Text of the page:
Sometimes, a sensory image is associated with a thought in a meaningless way. For example, the color brown might be associated with a particular sound. In psychology, these are called epiphenomenal images. Some people experience this epiphenomenal imagery a lot. Most people do not. But everyone perhaps does it a little. For example, higher pitched tones are associated with height and probably seem smaller than lower pitched tones. Or, the "eee" sound is probably experiences as small.
In any case, complex thoughts can probably be associated with epiphenomenal images. Gendlin associates his felt senses with feelings in the body. The introspectionists Titchener made the same claim. He wrote: "I am sure that when I sit down to the typewriter to think out a lecture, and again to work off the daily batch of professional correspondence, and again to write an intimate and characteristic letter to a near friend -- I am sure that in these three cases I sit down differently. The different intention comes to consciousness, in part, as different feels of the whole body; I am somehow a different organism, and a consciously different organism. Description in the rough is not difficult; there are different visceral pressures, different distributions of tonicity in the muscles of back and legs, differences in the sensed play of facial expression, difference in the movements of arms and hands in the intervals between striking the keys, rather obvious difference in respiration, and marked differences of local or general involuntary movement."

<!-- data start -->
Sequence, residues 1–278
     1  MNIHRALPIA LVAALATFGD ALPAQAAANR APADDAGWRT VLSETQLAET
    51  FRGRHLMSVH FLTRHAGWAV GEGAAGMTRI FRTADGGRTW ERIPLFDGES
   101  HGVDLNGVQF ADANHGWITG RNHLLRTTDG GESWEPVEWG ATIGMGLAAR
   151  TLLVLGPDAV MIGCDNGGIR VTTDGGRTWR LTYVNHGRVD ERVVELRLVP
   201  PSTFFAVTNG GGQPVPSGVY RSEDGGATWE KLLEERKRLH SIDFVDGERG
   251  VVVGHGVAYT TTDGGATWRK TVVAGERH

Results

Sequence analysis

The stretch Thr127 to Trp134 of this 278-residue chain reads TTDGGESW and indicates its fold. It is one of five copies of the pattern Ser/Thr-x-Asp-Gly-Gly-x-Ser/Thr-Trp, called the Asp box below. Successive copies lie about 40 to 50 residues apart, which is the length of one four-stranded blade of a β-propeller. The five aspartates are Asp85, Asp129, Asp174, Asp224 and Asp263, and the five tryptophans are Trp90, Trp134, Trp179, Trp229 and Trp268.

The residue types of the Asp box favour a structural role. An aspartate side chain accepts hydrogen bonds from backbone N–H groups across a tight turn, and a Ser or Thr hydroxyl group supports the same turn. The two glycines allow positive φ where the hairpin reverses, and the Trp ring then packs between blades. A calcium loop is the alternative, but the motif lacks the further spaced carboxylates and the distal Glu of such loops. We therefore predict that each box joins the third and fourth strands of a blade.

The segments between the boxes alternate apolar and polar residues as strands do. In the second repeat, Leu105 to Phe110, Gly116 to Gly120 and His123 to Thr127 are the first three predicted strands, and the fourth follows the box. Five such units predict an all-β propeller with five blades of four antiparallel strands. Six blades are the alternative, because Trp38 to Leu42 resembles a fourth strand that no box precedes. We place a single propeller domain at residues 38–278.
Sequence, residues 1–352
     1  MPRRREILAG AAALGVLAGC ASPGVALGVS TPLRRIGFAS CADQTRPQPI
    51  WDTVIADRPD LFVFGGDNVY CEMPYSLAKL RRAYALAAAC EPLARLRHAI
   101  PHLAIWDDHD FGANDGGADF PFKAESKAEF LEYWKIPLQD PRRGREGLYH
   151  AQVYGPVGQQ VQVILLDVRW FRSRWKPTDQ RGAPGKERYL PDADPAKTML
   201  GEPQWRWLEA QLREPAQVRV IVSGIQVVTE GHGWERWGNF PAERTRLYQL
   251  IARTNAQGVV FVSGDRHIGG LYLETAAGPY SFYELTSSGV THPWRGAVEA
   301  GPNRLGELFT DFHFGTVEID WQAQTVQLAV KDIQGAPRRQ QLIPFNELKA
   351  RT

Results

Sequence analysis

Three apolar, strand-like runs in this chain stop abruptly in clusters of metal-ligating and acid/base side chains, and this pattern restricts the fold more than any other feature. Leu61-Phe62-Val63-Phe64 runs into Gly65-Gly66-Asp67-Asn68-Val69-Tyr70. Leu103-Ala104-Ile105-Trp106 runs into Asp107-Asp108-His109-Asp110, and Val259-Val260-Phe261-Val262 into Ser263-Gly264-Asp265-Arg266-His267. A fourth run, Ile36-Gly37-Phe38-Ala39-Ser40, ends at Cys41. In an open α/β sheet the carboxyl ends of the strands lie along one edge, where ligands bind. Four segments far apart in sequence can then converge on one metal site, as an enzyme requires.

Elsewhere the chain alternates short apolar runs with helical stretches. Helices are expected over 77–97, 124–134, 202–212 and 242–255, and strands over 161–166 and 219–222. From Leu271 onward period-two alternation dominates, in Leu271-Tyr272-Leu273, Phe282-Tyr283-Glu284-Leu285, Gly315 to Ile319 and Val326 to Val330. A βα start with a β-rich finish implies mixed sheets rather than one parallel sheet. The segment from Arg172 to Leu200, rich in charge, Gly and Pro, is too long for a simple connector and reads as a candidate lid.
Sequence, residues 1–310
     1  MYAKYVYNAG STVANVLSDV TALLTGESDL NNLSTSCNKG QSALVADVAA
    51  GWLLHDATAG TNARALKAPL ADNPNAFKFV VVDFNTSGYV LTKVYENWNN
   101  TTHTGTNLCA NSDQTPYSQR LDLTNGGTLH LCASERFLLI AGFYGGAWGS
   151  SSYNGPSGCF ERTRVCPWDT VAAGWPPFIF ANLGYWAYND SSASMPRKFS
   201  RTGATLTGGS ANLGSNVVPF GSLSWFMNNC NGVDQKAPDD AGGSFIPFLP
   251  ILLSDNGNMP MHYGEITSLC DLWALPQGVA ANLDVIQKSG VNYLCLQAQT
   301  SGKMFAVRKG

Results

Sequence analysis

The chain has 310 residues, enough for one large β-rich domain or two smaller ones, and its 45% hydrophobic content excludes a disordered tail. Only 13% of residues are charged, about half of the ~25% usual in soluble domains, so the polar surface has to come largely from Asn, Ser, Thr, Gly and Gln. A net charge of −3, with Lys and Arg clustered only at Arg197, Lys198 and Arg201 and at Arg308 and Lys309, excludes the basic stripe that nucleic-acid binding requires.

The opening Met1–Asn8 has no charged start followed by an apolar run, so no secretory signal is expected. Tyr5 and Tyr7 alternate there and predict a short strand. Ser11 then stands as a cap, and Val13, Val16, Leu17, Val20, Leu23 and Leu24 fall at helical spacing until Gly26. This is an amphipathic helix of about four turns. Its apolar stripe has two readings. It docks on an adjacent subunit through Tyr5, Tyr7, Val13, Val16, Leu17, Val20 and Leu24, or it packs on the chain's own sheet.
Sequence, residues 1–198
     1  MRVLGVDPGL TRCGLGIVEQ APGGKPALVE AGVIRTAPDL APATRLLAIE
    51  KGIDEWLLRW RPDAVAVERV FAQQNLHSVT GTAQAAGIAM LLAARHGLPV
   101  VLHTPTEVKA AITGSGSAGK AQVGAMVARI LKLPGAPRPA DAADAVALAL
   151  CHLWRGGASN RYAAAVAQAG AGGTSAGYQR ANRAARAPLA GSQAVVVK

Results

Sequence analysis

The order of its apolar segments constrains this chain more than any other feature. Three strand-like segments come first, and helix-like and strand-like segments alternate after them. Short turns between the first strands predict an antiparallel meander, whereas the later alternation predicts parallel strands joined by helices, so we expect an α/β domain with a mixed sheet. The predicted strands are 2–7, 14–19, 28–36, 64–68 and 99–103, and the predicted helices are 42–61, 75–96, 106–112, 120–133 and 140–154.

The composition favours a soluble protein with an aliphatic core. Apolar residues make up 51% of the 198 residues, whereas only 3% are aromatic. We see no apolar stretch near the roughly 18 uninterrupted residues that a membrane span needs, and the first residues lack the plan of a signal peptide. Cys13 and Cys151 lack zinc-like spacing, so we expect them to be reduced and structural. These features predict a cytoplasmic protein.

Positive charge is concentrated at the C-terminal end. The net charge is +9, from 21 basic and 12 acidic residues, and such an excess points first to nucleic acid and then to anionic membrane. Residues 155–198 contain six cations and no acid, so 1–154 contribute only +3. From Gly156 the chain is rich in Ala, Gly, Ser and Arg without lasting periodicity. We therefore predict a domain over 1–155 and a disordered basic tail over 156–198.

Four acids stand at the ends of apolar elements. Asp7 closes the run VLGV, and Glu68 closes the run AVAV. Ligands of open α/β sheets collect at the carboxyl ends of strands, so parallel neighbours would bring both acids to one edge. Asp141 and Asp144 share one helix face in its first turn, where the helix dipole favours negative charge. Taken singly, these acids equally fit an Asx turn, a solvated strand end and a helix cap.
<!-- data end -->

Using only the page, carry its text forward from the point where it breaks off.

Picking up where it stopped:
However, it is possible to associate complex thoughts with abstract visual images. One teacher, when focusing, could associate his thought with a particular abstract black shape on a white background. When he told his class about this, they all started reported visual epiphenomenal imagery.
The epiphenomenal imagery is useful as a handle for the felt sense.